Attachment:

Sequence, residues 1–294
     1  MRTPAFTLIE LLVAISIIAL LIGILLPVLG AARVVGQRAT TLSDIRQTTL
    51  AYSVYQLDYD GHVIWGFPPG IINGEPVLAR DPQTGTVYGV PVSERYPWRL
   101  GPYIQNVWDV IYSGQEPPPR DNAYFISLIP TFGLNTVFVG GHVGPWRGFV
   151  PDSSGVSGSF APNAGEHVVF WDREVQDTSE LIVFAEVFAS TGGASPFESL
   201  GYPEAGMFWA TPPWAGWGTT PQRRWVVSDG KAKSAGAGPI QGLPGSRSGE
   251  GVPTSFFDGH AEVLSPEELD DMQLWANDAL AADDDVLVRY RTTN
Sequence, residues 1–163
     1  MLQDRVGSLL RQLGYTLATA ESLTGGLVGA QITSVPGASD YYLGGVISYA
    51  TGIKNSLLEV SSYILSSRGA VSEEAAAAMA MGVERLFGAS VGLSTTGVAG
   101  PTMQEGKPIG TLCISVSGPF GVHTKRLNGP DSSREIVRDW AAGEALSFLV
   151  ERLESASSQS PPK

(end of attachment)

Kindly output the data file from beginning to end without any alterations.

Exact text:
Sequence, residues 1–294
     1  MRTPAFTLIE LLVAISIIAL LIGILLPVLG AARVVGQRAT TLSDIRQTTL
    51  AYSVYQLDYD GHVIWGFPPG IINGEPVLAR DPQTGTVYGV PVSERYPWRL
   101  GPYIQNVWDV IYSGQEPPPR DNAYFISLIP TFGLNTVFVG GHVGPWRGFV
   151  PDSSGVSGSF APNAGEHVVF WDREVQDTSE LIVFAEVFAS TGGASPFESL
   201  GYPEAGMFWA TPPWAGWGTT PQRRWVVSDG KAKSAGAGPI QGLPGSRSGE
   251  GVPTSFFDGH AEVLSPEELD DMQLWANDAL AADDDVLVRY RTTN
Sequence, residues 1–163
     1  MLQDRVGSLL RQLGYTLATA ESLTGGLVGA QITSVPGASD YYLGGVISYA
    51  TGIKNSLLEV SSYILSSRGA VSEEAAAAMA MGVERLFGAS VGLSTTGVAG
   101  PTMQEGKPIG TLCISVSGPF GVHTKRLNGP DSSREIVRDW AAGEALSFLV
   151  ERLESASSQS PPK